When in doubt, Stick your finger or wooden skewer one inch into the soil to ensure it’s completely dry before watering your aloe vera again. Or better still, get a soil moisture gauge and use it to figure out when to water your aloe vera.

Place the Aloe Vera Plant in a Sunny Spot

Light plays a huge role in how to care for aloe vera plant. Aloe vera plant grows best when given lots of bright natural light. They do well in artificial grow lights too.

Inadequate light will make them tall and leggy over time, causing the plant to weaken, and the leaves may crease or bend at the base or in the middle.

For growers in warm or hot climates, do not place directly under the sun when planting the aloe vera plant outdoors. Here, they tolerate partial shade location best.

Please do not leave it outdoors when it’s freezing temperature. This will kill the plant. Aloe plant comprises 95% water; hence, even a minor frost will freeze and make it mush.

Besides, the soil can get frozen too. When this happens, the roots will die, and no new sprouts will grow.

In a nutshell, for a cold climate (in the winter and rainy months), grow the aloe vera plant indoors, and for a really hot environment, you don’t want the sun to finish your plant. Just grow in partial shade or indoors too.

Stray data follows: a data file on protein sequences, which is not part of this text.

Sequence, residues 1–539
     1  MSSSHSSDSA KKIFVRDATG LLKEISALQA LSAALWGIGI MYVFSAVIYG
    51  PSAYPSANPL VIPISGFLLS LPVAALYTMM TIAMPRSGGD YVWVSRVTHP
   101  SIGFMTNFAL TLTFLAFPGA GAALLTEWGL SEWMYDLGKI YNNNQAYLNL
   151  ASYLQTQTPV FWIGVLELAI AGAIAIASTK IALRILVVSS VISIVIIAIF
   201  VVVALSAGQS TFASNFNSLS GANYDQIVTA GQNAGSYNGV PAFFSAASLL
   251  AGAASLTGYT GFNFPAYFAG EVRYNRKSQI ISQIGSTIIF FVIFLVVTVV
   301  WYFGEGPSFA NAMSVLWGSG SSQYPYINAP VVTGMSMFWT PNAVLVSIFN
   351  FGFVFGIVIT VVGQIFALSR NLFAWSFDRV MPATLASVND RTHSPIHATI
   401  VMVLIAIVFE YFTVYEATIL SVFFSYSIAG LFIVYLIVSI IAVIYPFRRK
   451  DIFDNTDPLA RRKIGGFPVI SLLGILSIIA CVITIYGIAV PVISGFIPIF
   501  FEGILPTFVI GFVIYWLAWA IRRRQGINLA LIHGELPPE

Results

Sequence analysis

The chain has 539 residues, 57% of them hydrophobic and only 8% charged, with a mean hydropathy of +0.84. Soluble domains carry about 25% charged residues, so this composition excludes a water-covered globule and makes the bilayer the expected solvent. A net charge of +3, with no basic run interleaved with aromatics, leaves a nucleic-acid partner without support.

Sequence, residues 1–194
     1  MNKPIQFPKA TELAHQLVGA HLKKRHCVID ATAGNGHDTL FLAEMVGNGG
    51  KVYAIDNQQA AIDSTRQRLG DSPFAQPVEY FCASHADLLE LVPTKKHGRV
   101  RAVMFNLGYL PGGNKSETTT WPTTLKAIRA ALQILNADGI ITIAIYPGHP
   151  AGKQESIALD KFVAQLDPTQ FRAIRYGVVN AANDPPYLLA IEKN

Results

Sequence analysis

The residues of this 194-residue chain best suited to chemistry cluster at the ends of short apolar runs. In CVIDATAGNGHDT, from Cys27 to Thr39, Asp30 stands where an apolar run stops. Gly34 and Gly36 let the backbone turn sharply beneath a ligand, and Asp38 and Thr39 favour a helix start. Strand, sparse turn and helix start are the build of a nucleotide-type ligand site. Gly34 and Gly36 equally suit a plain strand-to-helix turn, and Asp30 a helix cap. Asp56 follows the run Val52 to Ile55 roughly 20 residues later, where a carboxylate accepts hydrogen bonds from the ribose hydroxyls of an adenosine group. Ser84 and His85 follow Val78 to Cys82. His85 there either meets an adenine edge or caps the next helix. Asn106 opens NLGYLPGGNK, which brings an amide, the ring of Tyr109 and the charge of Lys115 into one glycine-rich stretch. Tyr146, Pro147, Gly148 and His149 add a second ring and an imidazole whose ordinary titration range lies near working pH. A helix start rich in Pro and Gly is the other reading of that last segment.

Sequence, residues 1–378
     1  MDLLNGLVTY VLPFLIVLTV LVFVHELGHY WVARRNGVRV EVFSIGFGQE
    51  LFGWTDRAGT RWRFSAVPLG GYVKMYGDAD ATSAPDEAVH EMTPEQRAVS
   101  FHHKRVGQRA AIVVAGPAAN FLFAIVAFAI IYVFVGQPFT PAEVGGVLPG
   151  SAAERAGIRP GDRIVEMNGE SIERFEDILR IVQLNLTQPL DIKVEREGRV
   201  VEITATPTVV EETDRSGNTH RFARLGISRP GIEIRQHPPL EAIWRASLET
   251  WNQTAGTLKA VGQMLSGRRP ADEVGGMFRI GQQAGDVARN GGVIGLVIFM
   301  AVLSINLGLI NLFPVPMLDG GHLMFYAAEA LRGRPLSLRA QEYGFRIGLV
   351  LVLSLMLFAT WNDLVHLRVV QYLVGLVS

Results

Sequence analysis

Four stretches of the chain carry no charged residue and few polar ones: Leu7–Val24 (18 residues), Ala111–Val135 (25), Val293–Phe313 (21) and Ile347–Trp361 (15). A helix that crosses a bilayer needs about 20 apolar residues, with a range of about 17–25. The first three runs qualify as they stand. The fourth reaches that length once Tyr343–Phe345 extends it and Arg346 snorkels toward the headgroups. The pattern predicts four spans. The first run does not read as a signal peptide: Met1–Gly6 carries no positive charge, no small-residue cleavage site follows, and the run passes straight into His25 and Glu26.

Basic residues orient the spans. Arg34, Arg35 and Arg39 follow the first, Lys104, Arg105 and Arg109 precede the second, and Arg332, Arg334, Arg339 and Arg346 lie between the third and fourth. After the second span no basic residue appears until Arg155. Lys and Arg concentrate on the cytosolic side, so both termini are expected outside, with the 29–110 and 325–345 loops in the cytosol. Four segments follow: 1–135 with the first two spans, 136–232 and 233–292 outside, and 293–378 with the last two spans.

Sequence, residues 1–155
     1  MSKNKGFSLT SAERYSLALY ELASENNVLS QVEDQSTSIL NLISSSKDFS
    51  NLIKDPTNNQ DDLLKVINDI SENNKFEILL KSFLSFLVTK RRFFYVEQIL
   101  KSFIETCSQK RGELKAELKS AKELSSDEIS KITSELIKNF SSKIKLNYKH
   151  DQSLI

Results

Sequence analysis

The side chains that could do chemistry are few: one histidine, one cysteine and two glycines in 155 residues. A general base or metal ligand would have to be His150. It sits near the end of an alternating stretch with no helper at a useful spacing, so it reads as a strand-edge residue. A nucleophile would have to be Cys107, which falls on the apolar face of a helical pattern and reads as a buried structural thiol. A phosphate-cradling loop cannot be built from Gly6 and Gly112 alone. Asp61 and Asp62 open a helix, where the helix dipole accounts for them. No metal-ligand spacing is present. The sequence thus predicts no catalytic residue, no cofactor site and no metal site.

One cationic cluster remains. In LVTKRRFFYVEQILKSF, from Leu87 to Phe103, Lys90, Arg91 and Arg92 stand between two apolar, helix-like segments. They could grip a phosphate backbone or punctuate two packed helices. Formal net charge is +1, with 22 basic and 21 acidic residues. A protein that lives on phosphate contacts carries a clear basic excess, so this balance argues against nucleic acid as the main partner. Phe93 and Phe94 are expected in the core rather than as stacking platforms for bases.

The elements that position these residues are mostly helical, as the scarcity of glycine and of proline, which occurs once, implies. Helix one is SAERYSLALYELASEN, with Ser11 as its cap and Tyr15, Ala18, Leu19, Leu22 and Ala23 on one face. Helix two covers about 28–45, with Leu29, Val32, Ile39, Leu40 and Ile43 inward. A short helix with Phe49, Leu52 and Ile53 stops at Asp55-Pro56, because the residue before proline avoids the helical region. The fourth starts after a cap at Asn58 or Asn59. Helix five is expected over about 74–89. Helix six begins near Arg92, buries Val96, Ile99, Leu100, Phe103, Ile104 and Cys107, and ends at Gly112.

When growing this unique plant indoors, please place it in a sunny spot. You can put it in the window, facing South or West. Here, rotate the plant every 2-3 months to receive light evenly on all sides.

Fertilize the Aloe Vera Plant Appropriately

The Aloe vera plant doesn’t need to be fertilized, but feeding them occasionally during the growing season (April through September) will greatly benefit them. 

Ideally, you should use organic fertilizer here instead of chemical ones. Fertilizers should be applied on days when you water.

Remember, winter is a dormant time for the plant, so there isn’t any point in administering fertilizer in winter when it isn’t actively growing.

Use Non-Toxic Pesticides to Deal with Insects

The meal bug is just one of the pests peculiar to the aloe vera plant. There are other pests here, too; they usually suck on the sap from the aloe plant.

Dealing with these pests appropriately is a great method to take into consideration in dealing with how to care for aloe vera plant.

A non-toxic pesticide will deal with this pest correctly. You can get this from your local pesticide store or online pest control store.